2 Cosmology with a Cosmological Constant

2.1 Cosmological parameters

From the Friedmann equation (5View Equation) (where henceforth we take the effects of a cosmological constant into account by including the vacuum energy density ρΛ into the total density ρ), for any value of the Hubble parameter H there is a critical value of the energy density such that the spatial geometry is flat (k = 0):

3H2 ρcrit ≡ ----. (21 ) 8πG
It is often most convenient to measure the total energy density in terms of the critical density, by introducing the density parameter
( ) -ρ-- 8πG-- Ω ≡ ρcrit = 3H2 ρ. (22 )
One useful feature of this parameterization is a direct connection between the value of Ω and the spatial geometry:
k = sgn (Ω − 1). (23 )
[Keep in mind that some references still use “Ω” to refer strictly to the density parameter in matter, even in the presence of a cosmological constant; with this definition (23View Equation) no longer holds.]

In general, the energy density ρ will include contributions from various distinct components. From the point of view of cosmology, the relevant feature of each component is how its energy density evolves as the universe expands. Fortunately, it is often (although not always) the case that individual components i have very simple equations of state of the form

pi = wiρi, (24 )
with wi a constant. Plugging this equation of state into the energy-momentum conservation equation μν ∇ μT = 0, we find that the energy density has a power-law dependence on the scale factor,
ρ ∝ a−ni, (25 ) i
where the exponent is related to the equation of state parameter by
ni = 3(1 + wi). (26 )
The density parameter in each component is defined in the obvious way,
ρi ( 8πG ) Ωi ≡ ---- = ---2- ρi, (27 ) ρcrit 3H
which has the useful property that
Ωi-∝ a−(ni−nj). (28 ) Ωj

The simplest example of a component of this form is a set of massive particles with negligible relative velocities, known in cosmology as “dust” or simply “matter”. The energy density of such particles is given by their number density times their rest mass; as the universe expands, the number density is inversely proportional to the volume while the rest masses are constant, yielding ρM ∝ a−3. For relativistic particles, known in cosmology as “radiation” (although any relativistic species counts, not only photons or even strictly massless particles), the energy density is the number density times the particle energy, and the latter is proportional to − 1 a (redshifting as the universe expands); the radiation energy density therefore scales as ρR ∝ a−4. Vacuum energy does not change as the universe expands, so ρ Λ ∝ a0; from (26View Equation) this implies a negative pressure, or positive tension, when the vacuum energy is positive. Finally, for some purposes it is useful to pretend that the −2 −2 − ka R 0 term in (5View Equation) represents an effective “energy density in curvature”, and define 2 −2 ρk ≡ − (3k∕8πGR 0)a. We can define a corresponding density parameter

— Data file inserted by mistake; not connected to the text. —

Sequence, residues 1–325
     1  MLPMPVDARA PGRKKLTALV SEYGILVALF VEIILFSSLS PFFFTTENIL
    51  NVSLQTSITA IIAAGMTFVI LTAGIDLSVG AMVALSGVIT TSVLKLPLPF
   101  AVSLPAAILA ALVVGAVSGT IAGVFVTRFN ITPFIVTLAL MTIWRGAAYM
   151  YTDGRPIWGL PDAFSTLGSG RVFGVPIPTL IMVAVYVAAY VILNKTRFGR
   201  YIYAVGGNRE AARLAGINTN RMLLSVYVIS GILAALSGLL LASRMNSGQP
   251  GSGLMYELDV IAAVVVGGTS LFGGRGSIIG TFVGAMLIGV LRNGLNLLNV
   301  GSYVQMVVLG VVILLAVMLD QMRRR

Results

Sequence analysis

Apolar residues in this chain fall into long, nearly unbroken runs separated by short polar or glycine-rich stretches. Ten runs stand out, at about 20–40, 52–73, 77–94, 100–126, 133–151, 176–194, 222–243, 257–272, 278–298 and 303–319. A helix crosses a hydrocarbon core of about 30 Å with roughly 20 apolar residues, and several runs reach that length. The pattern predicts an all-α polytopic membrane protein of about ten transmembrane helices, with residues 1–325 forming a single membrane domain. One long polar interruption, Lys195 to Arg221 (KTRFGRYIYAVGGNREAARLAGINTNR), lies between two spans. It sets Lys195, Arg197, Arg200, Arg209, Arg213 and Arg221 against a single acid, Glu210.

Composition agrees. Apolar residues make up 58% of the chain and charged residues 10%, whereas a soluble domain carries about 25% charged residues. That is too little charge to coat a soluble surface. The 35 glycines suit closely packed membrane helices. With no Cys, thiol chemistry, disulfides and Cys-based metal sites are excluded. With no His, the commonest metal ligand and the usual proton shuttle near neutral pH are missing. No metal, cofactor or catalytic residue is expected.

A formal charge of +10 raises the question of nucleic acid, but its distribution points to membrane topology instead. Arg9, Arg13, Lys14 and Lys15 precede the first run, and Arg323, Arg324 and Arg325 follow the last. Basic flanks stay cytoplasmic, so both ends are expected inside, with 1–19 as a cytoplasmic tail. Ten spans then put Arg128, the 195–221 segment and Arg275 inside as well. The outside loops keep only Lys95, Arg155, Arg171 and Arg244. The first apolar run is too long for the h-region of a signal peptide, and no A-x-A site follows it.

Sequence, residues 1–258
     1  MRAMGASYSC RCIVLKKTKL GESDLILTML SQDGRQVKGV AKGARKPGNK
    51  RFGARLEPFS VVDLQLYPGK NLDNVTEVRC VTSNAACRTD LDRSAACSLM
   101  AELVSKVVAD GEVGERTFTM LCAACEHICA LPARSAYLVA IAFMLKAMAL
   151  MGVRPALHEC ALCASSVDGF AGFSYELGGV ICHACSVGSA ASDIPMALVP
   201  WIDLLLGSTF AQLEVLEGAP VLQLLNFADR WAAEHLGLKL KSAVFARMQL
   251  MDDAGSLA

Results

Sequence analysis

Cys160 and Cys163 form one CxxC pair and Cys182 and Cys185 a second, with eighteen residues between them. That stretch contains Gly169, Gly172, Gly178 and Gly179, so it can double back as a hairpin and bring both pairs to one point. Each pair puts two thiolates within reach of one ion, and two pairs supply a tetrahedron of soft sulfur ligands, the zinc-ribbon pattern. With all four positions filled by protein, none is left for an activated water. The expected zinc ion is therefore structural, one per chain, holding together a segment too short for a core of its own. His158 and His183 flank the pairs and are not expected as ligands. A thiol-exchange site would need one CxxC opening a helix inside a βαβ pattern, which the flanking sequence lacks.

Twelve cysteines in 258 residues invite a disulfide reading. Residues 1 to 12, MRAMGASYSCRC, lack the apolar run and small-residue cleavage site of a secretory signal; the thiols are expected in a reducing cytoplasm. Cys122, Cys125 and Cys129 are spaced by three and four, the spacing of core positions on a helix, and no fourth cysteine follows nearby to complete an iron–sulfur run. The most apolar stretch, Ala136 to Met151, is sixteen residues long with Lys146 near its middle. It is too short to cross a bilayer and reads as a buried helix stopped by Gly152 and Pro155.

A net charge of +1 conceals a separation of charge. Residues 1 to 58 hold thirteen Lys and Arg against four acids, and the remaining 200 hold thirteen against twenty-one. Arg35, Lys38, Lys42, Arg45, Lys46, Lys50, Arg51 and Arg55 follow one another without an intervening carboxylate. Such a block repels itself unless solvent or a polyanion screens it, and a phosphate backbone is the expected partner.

Ωk = 1 − Ω; (29 )
this relation is simply (5View Equation) divided by 2 H. Note that the contribution from Ωk is (for obvious reasons) not included in the definition of Ω. The usefulness of Ωk is that it contributes to the expansion rate analogously to the honest density parameters Ωi; we can write
( )1∕2 ∑ H (a) = H0 ( Ωi0a−ni) , (30 ) i(k)
where the notation ∑ i(k) reflects the fact that the sum includes Ωk in addition to the various components of Ω = ∑i Ωi. The most popular equations of state for cosmological energy sources can thus be summarized as follows:
| | --------------wi--ni- matter | 0 3 | | radiation |1∕3 4 (31 ) “curvature” − 1∕3 2 vacuum |− 1 0 |

The ranges of values of the Ωi’s which are allowed in principle (as opposed to constrained by observation) will depend on a complete theory of the matter fields, but lacking that we may still invoke energy conditions to get a handle on what constitutes sensible values. The most appropriate condition is the dominant energy condition (DEC), which states that μν Tμνl l ≥ 0, and μ μ T νl is non-spacelike, for any null vector lμ; this implies that energy does not flow faster than the speed of light [117]. For a perfect-fluid energy-momentum tensor of the form (4View Equation), these two requirements imply that ρ + p ≥ 0 and |ρ| ≥ |p|, respectively. Thus, either the density is positive and greater in magnitude than the pressure, or the density is negative and equal in magnitude to a compensating positive pressure; in terms of the equation-of-state parameter w, we have either positive ρ and |w | ≤ 1 or negative ρ and w = − 1. That is, a negative energy density is allowed only if it is in the form of vacuum energy. (We have actually modified the conventional DEC somewhat, by using only null vectors lμ rather than null or timelike vectors; the traditional condition would rule out a negative cosmological constant, which there is no physical reason to do.)